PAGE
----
Going Postal by Terry Pratchett (2005)
Moist von Lipwig is a conman. He sells dud horses, dud diamonds, dud bonds, and basically anything else that the greedy will snatch up thinking that they're getting the better end of the deal. He's very good at what he does, but one day, the long arm of the law catches up with him. He's sentenced to death, and hanged.
Then his story begins. It turns out that, on the orders of Lord Vetinari, the Patrician of Ankh-Morpork, Lipwig was hanged just enough to die, but not enough to actually kill him. It's a fine distinction that requires an expert hangman. At any rate, Lipwig awakens to discover that Lord Vetinari is offering him the job of Postmaster of Ankh-Morpork. The alternative is walking out a door with a sheer drop of a hundred feet on the other side. After a failed escape attempt and the discovery that his parole officer is an unstoppable golem, Lipwig accepts the position.
Unfortunately, the post office has been effectively closed for years because of an insane backlog of undelivered letters. The building is literally clogged with envelopes and the few remaining postmen are in as bad a shape as the building. Lipwig must therefore effectively reinvent the post office while trying to slip free of the golem. Along the way, Lipwig inadvertently invents the postage stamp; sparks off the hobby of stamp collecting. falls in love with the beautiful, chain-smoking,and violent Adora Belle Dearheart; and makes an enemy of Reacher Gilt, the owner of the Clacks. The Clacks are Ankh-Morpork's mechanical telegraph system that Gilt has been running into the ground because he's had no competition, but now Lipwig is a threat to his monopoly who must be put out of the way. Fortunately, Mr Lipwig has people skills.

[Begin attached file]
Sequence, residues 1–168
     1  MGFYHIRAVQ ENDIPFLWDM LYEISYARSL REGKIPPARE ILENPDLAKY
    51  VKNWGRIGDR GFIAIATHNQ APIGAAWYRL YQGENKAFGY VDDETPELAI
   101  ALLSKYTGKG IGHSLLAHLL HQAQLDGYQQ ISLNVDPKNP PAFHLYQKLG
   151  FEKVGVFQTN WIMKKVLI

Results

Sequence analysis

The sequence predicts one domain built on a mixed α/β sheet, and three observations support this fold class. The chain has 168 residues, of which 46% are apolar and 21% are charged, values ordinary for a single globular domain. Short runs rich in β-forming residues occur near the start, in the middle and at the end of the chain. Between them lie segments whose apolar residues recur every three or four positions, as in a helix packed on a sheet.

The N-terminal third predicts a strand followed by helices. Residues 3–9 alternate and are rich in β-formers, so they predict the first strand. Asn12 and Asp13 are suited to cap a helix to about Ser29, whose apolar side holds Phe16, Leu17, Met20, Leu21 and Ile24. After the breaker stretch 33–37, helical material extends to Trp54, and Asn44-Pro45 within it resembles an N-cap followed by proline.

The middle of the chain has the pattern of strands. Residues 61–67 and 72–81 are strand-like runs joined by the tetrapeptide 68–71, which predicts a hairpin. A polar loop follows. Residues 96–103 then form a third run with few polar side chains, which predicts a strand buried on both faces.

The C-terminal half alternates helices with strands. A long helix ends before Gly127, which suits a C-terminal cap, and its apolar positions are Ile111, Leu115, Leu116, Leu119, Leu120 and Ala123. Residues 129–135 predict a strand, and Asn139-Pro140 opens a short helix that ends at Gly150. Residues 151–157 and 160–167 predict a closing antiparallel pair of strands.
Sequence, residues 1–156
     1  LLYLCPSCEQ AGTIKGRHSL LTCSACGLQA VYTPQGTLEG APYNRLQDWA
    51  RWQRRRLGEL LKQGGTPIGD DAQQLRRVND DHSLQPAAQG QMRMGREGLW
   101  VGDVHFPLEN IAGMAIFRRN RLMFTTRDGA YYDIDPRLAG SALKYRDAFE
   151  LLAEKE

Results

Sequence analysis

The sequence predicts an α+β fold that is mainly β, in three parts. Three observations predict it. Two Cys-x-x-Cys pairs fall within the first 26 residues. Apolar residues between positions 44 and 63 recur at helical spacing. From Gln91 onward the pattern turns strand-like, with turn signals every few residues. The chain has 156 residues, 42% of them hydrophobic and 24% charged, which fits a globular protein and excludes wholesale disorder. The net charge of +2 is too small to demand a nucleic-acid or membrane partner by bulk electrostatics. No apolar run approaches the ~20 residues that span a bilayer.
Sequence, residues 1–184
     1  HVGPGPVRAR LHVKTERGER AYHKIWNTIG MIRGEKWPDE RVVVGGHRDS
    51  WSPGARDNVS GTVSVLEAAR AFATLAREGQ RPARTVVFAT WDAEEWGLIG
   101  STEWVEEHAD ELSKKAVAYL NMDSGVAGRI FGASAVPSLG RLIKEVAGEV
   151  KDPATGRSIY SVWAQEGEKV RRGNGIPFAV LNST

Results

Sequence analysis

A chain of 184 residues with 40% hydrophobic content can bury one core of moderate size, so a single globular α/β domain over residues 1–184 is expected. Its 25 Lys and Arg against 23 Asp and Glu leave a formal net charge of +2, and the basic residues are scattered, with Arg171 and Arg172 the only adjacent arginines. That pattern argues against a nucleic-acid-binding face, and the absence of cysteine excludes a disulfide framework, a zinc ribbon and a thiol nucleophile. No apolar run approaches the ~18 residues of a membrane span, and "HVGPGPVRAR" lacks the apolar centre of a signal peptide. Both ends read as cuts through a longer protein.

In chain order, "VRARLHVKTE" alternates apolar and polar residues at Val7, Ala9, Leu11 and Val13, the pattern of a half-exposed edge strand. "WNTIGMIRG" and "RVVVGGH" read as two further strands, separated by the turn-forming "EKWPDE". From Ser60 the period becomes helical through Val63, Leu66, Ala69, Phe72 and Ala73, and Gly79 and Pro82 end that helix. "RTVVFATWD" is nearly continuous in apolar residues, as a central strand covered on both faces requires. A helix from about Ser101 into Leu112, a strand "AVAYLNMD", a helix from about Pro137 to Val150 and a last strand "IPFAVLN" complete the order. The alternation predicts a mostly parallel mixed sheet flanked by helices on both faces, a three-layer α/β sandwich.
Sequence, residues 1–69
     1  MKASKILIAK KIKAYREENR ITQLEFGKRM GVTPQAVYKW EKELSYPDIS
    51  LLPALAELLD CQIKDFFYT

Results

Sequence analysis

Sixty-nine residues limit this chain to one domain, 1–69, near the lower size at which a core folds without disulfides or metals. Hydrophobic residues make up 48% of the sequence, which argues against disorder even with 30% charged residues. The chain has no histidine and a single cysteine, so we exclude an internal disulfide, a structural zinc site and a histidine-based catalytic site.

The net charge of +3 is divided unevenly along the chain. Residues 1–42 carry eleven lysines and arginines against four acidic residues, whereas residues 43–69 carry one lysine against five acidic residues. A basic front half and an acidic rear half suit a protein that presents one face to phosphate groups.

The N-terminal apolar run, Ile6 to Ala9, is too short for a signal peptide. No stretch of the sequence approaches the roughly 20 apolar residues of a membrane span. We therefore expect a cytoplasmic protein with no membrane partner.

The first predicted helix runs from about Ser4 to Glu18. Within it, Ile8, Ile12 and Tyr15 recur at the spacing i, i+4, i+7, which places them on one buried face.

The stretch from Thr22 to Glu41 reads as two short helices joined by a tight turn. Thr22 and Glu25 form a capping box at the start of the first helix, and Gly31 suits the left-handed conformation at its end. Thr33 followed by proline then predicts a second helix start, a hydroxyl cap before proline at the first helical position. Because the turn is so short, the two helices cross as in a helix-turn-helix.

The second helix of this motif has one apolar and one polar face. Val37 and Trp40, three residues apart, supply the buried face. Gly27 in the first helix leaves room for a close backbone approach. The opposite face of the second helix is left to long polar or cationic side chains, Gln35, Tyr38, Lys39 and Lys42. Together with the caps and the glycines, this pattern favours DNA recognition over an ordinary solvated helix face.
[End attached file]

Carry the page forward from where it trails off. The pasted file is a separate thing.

None of this would be too bad, except Lipwig discovers that the letters are talking to him.
The 33rd book in Terry Pratchett's Discworld series, Going Postal at first will seem familar to regular readers because the premise is essentially the same as in Pratchett's earlier novel Truth. In that one, we have the same story of one man compressing the entire history of newspaper publishing into a few weeks from the invention of the printing press to the development of the tabloid complete with full colour photo layouts. In many ways, Going Postal feels like a rewrite of the former, though it would be fairer to call it a revisiting. Certainly Lipwig's lovable conman and the golem rights activist Adora Dearheart are much more interesting characters than their earlier versions and Lipwigs flamboyant efforts to promote the post office, complete with sporting a gold suit, are wildly entertaining as we watch him tap dance from one impossible promise to another. Even the post office itself with its superannuated Postmen Pats and their strange initiation rituals are worth the price of admission.
If you decide to read it, order your copy and have it posted to you instead of going to the bookshop or downloading the ebook version. It seems more appropriate.